Nevertheless, so far the military potentials are still asymmetric for Iran.

The missiles it has granted to Hezbollah are manifold and sufficiently advanced, but small and mainly suited to saturate Israel’s defences, so as to later propose to the Islamic world an internal and concentric attack on Israel.

Hence Israel would become a mere small terrestrial power, inevitably devoid of its technological, air, sea and signal intelligence strengths.

As already seen, however, Iran does not even trust Russia, which has no interest in permanently protecting its “corridor” northwards.

Certainly Russia does not even trust its “proxy agents” left in Syria that it wants to control permanently so as to avoid precisely what Iran wants: the clash between Russia and Israel.

A struggle that would extend ad infinitum the destructive effect of its own guerrilla warfare and of its small missiles, which today, however, are certainly much more advanced than the “toys” it supplied to Hezbollah until a few years ago.

However, the Iranian variable to command and control the phases following the outbreak of a war north of Israel is currently technological and resolves the dispute between Iran and Russia at its root.

It is a missile, namely Hoveizeh, which has been tested for the first time this February.

It is not by chance that is named after a city in South-Western Iran that bravely resisted Iraq in the Shiite “war of necessity” when the USA armed Saddam Hussein and later left him to his own destiny.

And the symbolism of the “war of necessity” comes to the fore today, on  the forty-year anniversary of the Shiite revolution.

Symbols always have essential strategic power.

Hoveizeh is a surface-to-surface missile with an average range of 1,350 kilometres, always flying at a low altitude. It needs a very short time for its preparedness and armament.

As has long been the case in Iranian arsenals, it has a fully autonomous and “national” technology.

Hence it is hard to be tracked.

The Hoveyzeh missile, however, is Iran’s direct response to the success of the recent Israeli-US Arrow (orHetz) 3missile.

Said Israeli-US missile had been tested on January 22 last.

It is an exoatmospheric anti-ballistic missile for intercepting enemy missiles which, however, can also be an attack weapon.

The Arrow 3 structure also consists of a hypersonic missile interceptor missile, also equipped with an ELM-2080 Green Pine produced by Elta, which is an AESA early warning radar, finally connected to a C3 centre and to the network of Israeli air industries known as Hazelnut.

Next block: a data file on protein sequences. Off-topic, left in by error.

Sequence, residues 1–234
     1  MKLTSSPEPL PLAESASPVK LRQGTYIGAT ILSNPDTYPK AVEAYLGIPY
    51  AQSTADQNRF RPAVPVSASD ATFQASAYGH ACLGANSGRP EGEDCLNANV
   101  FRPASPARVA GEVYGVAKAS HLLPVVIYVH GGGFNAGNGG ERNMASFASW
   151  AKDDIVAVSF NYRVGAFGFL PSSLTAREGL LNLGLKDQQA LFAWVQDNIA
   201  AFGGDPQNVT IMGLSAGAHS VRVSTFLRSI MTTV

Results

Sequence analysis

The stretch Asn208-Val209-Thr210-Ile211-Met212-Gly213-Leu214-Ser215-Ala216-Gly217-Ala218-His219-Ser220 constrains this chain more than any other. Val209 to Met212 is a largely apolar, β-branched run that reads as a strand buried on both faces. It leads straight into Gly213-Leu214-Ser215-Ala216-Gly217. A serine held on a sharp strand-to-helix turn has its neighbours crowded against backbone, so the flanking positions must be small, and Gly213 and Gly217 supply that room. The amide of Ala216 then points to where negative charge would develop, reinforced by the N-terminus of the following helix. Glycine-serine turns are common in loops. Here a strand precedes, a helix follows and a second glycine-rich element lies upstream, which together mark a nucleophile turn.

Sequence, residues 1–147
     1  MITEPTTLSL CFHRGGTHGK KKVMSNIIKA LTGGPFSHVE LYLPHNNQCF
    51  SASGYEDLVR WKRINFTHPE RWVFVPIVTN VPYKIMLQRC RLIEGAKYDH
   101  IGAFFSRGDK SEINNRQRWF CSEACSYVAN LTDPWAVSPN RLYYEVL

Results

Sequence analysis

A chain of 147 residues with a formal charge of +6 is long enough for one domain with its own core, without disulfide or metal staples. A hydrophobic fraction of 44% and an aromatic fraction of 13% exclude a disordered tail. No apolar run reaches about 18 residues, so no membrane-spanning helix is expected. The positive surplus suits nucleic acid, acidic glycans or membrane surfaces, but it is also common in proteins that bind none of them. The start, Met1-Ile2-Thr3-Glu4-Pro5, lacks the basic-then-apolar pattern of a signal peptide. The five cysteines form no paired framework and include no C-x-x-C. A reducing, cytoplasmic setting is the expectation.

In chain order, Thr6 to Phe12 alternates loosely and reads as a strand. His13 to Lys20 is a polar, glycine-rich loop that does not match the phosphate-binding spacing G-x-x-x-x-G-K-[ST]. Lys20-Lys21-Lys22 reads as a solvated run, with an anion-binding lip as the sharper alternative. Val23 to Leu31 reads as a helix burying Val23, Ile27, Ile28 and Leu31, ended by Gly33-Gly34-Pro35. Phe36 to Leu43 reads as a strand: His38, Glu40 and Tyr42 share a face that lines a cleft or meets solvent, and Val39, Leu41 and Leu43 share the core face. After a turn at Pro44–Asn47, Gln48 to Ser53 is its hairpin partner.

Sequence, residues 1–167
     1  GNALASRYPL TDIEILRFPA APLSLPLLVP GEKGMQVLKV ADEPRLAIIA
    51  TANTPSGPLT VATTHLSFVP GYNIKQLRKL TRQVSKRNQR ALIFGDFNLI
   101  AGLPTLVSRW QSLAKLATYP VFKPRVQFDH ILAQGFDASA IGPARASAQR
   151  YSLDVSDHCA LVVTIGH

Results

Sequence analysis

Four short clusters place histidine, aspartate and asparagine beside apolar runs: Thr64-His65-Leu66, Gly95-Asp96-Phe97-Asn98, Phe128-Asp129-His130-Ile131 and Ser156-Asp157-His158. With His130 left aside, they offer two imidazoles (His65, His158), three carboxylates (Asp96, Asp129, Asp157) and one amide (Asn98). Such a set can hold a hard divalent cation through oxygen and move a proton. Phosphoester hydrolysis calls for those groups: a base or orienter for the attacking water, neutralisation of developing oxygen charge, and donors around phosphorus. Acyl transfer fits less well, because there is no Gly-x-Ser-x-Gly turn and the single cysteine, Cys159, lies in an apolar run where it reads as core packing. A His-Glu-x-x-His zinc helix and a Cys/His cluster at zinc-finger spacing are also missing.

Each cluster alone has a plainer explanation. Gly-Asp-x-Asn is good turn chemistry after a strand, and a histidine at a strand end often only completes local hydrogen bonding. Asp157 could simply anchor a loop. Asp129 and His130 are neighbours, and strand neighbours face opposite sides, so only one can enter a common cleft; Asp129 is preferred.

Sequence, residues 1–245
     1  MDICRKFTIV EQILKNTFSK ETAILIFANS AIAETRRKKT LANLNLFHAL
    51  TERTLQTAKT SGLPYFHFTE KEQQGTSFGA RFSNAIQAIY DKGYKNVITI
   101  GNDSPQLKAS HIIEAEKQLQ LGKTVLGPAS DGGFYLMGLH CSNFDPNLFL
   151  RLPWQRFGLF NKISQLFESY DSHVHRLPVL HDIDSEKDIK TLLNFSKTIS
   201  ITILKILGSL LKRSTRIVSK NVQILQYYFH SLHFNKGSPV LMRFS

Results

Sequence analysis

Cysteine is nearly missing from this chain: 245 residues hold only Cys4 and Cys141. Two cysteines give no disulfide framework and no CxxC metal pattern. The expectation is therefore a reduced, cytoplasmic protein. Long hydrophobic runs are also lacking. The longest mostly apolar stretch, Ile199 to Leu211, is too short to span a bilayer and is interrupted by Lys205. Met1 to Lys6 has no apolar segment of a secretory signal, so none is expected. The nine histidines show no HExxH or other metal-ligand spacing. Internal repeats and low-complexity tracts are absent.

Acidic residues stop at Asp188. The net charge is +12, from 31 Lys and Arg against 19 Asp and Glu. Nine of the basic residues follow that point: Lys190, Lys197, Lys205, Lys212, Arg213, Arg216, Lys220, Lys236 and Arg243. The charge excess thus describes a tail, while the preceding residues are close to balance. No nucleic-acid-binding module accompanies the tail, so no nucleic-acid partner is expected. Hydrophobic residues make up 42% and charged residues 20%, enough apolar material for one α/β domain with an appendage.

Nevertheless it is a system that has already been declared operational in 2000.

Only the third part of the Arrow 3 system, however, has been declared fully operative in 2017.

Arrow 3 can also be used as an anti-satellite weapon, but the Israeli Forces still do not fully like it since they have always preferred the strategy of preventive attacks and deterrence. Another very problematic aspect is the high cost of this system.

Is it better to have many and possibly inexpensive missiles, with scarce  but efficient technology, or very few and expensive ones, probably even insufficient and inadequate to oppose a salvo intended to saturate the Dome?

Iran has already made its choice.

It would be interesting, however, to see Israel’s final choice in the field of the so-called “mass” missile weapons, which could also be suitable for strategies where the central point still consists in the advanced weapon, that determines in a moment the attacker’ superiority.

Also the attacker, however, must be saturated quickly.

Coincidentally, however, Arrow 3 was tested just two days after Hoveizeh, at the base of Palmachim, Israel, but there will soon be further tests on the island of Kodjak, Alaska.

Arrow 3 was tested after an Iranian missile, launched from the Syrian skies on January 28 last, had been intercepted by the Israeli structure.

However, over the last few days, a significant number of Iranian carriers has been launched onto Israel: a Fajr 5 (with a 35-kilometre range) on December 29 last, and a Fatteh 100 (with a 300-kilometre range) onto the Golan on January 21 last, which was also intercepted.

Many other smaller ones were fired.

Hence, while Israel and the United States are developing hypersonic missiles capable of striking outside the atmosphere, Iran is following  exactly the opposite policy, i.e. manufacturing fully traditional missiles, albeit capable of long flying at a low altitude, since so far no one can define valid interception techniques before the missile has actually been launched.

Israel has also recently used missiles (such as the Delilah, with a 250-kilometre range) that have not been intercepted by Russia or Syria.  The United States still has the old Tomahawk missiles in the Middle East and Russia uses its most recent Kalibr, but they are all controllable only after being launched, if all goes well.

A solution to the problem is the missiles fired by ships which, however, can be useful only if they operate in an area already full of sensors and radars.

Even in this case, these operations are traceable only for large sea and land areas and for the main launches only. This tactic is essentially useless to counteract surface missiles at a low altitude.